Oral, Tuesday, May 6, 2003, 8:30-10:50am,

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*T. Fukushima (NAOJ)*

We adapted J.G. Williams' expression of the precession and
nutation by the 3-1-3-1 rotation (Williams 1994) to an
arbitrary inertial frame of reference. The new expression of
the precession matrix is P = R_{1}(-\epsilon) R_{3}(-\psi)
R_{1}(\varphi) R_{3}(\gamma) while that of precession-nutation
matrix is NP = R_{1}(-\epsilon-\Delta \epsilon)
R_{3}(-\psi-\Delta \psi) R_{1}(\varphi) R_{3}(\gamma). Here
\gamma and \varphi are the new planetary precession
angles, \psi and \epsilon are the new luni-solar
precession angles, and \Delta \psi and \Delta \epsilon
are the usual nutations. The modified formulation avoids a
singularity caused by finite pole offsets near the epoch. By
adopting the latest planetary precession formula determined
from DE405 (Harada 2003) and by using a recent theory of the
forced nutation of the non-rigid Earth, SF2001 (Shirai and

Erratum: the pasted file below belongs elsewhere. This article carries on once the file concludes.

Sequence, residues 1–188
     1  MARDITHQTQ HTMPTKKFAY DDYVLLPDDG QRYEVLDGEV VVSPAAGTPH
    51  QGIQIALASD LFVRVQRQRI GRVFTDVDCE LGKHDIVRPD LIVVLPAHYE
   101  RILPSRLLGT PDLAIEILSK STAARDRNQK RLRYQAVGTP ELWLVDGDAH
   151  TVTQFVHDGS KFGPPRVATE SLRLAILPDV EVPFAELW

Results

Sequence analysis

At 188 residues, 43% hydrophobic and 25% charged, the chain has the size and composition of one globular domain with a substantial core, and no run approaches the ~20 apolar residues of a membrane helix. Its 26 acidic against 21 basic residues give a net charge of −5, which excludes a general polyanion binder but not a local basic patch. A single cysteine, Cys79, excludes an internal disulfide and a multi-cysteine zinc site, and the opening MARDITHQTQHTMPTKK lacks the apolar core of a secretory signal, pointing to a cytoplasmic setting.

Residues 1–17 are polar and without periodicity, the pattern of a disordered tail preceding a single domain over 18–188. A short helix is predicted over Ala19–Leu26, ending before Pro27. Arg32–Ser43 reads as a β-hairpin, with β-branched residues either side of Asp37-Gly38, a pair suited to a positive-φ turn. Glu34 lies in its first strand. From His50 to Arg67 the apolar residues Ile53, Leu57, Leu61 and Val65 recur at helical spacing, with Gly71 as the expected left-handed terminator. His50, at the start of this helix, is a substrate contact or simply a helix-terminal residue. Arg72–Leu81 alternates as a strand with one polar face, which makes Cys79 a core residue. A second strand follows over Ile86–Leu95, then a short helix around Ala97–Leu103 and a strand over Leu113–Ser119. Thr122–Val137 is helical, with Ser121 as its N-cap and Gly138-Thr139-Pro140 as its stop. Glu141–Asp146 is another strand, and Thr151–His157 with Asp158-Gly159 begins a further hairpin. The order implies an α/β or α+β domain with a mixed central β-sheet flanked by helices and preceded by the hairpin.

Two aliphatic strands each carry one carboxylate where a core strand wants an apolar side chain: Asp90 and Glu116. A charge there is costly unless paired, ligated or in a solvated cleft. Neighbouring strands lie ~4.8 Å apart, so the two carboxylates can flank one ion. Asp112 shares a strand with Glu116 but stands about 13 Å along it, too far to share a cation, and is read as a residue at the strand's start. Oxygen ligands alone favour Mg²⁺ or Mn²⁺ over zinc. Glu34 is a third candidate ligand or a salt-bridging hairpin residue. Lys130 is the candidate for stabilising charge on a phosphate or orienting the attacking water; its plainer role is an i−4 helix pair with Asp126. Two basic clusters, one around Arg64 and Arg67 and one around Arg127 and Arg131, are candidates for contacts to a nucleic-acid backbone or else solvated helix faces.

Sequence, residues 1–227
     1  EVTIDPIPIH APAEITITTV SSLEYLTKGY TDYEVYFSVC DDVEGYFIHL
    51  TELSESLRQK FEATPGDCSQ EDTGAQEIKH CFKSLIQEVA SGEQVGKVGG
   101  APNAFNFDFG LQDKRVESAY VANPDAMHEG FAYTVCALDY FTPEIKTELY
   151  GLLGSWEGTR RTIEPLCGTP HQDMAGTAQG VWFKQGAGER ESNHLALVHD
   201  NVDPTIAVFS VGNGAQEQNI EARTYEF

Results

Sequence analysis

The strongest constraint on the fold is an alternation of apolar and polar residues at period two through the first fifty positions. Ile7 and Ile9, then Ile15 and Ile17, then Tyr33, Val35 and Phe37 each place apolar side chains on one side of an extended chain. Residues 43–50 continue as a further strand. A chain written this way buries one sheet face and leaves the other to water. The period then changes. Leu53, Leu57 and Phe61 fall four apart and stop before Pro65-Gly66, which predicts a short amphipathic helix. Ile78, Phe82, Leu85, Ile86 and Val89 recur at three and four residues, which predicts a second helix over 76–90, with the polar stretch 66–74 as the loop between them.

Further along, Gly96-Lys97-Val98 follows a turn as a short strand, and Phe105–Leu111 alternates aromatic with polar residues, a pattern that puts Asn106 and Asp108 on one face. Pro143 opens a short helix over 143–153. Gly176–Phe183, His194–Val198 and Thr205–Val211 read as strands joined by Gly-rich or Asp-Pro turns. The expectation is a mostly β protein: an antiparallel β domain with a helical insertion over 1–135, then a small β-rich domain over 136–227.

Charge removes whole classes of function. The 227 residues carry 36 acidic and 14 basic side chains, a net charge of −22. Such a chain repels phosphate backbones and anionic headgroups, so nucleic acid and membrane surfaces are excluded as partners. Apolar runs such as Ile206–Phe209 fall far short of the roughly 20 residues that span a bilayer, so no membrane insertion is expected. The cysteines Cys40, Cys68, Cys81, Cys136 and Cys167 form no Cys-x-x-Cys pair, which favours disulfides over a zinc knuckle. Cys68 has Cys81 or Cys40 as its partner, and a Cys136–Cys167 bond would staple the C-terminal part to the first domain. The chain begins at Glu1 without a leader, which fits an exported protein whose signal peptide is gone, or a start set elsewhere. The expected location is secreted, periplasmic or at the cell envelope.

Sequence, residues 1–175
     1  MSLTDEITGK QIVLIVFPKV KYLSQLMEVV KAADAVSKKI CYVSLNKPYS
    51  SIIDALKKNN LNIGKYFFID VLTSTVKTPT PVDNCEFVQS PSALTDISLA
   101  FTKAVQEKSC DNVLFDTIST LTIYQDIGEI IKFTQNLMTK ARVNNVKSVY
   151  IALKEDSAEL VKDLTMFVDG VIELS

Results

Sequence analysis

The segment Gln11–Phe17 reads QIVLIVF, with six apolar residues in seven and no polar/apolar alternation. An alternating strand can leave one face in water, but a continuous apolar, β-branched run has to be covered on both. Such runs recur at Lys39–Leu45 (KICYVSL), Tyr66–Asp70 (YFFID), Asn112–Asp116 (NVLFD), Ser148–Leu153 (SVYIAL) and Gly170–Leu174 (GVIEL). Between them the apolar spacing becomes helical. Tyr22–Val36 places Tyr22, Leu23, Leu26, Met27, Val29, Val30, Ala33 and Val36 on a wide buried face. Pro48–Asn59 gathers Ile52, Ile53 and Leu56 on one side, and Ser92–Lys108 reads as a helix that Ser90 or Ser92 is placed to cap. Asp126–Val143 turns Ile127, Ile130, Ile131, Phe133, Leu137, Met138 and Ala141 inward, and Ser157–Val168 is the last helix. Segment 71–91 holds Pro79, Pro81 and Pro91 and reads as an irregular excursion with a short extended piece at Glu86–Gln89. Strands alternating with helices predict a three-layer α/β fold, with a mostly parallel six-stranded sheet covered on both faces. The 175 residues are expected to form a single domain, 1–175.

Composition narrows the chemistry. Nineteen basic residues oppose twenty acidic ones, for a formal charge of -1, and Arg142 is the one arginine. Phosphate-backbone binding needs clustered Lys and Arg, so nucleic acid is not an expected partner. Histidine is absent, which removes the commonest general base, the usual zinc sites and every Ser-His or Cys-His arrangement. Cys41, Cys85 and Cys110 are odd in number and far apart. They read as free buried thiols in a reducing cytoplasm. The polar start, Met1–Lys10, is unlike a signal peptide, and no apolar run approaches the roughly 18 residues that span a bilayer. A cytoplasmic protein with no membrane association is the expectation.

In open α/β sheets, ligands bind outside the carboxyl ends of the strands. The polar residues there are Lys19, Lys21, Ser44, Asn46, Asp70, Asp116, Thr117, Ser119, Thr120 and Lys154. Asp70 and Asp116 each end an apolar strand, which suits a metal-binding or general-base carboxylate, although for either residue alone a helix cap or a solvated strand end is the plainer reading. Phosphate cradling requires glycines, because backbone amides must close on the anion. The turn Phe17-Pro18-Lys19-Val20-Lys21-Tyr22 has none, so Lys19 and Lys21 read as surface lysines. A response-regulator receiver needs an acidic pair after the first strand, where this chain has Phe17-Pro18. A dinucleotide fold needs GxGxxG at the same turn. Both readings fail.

Fukushima 2001), we analysed the celestial pole offsets
observed by VLBI for 1979-2000 and compiled by USNO and
determined the best-fit polynomials of the new luni-solar
precession angles. Then we translated the results into the
classic precessional quantities as \sin \pi_{A} \sin \Pi_{A},
\sin \pi_{A} \cos \Pi_{A}, \pi_{A}, \Pi_{A}, p_{A}, \psi_{A}, \omega_{A},
\chi_{A}, \zeta_{A}, z_{A}, and \theta_{A}. Also we evaluated the
effect of the difference in the ecliptic definition between
the inertial and rotational senses. The combination of these
formulas and the periodic part of SF2001 serves as a good
approximation of the precession-nutation matrix in the ICRF.
As a by-product, we determined the mean celestial pole
offset at J2000.0 as X_{0} = -(17.12 ±0.01) mas and Y_{0}
= -(5.06 ±0.02) mas. Also we estimated the speed of
general precession in longitude at J2000.0 as p =
(5028.7955 ±0.0003)''/Julian century, the mean obliquity
at J2000.0 in the rotational sense as \epsilon_{0} =
(84381.40955 ±0.00001)'', and the dynamical flattening
of the Earth as H_{d} = (0.0032737804 ±0.0000000003).
Further, we established a fast way to compute the
precession-nutation matrix and provided a best-fit
polynomial of s, an angle to specify the mean CEO.

The author(s) of this abstract have provided an email address for comments about the abstract: Toshio.Fukushima@nao.ac.jp

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Bulletin of the American Astronomical Society, **35** #4

© 2003. The American Astronomical Soceity.